|1917||WWI draft card||George Irvin Prettyman (full name required)|
|1917||Marriage record||Geo. I. Prettyman|
|1919||Mason City directory||G. Irwin [sic] Prettyman|
|1920||1920 census||G.I. Prettyman|
|1930||1930 census||George I. Prettyman|
|1940||1940 census||George I. Prettyman|
|1942||WWII draft card||George Irvin Prettyman (full name required)|
|1900||1900 census||at school|
|1910||1910 census||Bank cashier|
|1913||Mason City directory||Cashier, Schanke & Co.|
|1914||Mason City directory||Cashier, Schanke & Co.|
|1915||Mason City directory||Cashier, Schanke & Co.|
|1915||1915 census||Investment banker|
|1917||WWI draft card||Banker, Schanke & Co.|
|1919||Mason City directory||Secretary of Schanke & Co. Bank|
|1920||1920 census||Bank clerk|
|1924||Biography||Vice President, F.E. Gores Mortgage Co.|
|1930||1930 census||Mayor, investment banker|
|1940||1940 census||Salesman, General Insurance|
|1942||WWII draft card||Manager, Merchants & Farmers Mutual Ca. Co.|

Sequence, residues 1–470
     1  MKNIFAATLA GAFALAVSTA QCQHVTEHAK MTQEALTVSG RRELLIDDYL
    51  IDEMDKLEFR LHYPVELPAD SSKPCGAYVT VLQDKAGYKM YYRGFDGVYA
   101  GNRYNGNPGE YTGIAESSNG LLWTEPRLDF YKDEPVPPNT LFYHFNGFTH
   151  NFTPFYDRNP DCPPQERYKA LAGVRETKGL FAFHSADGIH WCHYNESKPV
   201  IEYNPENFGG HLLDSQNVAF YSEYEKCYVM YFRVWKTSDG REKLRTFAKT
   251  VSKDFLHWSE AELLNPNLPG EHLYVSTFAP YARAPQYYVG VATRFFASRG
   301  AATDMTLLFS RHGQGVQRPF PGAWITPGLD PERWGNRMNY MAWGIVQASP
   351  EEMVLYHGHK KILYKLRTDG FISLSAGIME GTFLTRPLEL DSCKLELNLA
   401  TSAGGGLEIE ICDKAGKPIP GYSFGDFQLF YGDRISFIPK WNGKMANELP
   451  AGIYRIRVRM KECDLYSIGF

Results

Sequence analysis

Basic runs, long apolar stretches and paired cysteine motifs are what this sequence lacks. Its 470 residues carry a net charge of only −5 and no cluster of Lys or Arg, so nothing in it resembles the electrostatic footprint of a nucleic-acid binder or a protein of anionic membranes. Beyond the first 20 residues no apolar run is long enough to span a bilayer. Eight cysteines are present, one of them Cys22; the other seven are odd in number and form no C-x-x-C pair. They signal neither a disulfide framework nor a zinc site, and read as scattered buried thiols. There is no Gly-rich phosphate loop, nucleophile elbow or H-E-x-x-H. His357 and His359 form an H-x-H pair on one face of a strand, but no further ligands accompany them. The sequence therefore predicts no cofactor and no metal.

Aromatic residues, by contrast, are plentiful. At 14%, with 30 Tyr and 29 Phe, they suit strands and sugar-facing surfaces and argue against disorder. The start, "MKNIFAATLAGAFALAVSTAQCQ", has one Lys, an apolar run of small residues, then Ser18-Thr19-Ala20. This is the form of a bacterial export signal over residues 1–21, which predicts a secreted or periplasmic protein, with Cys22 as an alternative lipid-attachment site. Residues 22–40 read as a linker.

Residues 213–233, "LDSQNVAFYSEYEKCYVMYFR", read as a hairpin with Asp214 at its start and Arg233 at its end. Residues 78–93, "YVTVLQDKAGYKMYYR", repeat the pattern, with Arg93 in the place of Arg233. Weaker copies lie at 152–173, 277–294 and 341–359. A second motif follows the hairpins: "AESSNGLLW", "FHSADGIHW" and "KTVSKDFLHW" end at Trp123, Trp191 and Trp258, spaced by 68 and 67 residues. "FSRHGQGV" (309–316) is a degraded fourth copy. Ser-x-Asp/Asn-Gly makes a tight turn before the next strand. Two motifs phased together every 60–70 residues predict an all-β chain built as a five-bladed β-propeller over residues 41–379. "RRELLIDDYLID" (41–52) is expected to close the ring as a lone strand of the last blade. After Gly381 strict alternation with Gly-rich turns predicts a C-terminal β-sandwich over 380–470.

From what I can tell, it looks like G.I. was ashamed of his lack of education and tried to hide it. His agricultural background and grammar-school education would perhaps have been considered negative qualities for a young man getting started as an investment banker. As he grew older, his business experience could speak for itself and his educational background would be less important, and perhaps this is why his description of his level of education changed over time:
|Date||Source||level of education attained|
|1900||1900 census||is currently attending school|
|1915||1915 census||completed 8 years of grammar school,
4 years of high school, and 4 years of college
|1924||Biography||attended grade and high school in Hewitt;
took a course in a commercial college in Little Falls;
finished school by age 16
|1940||1940 census||Highest grade completed: 8th grade|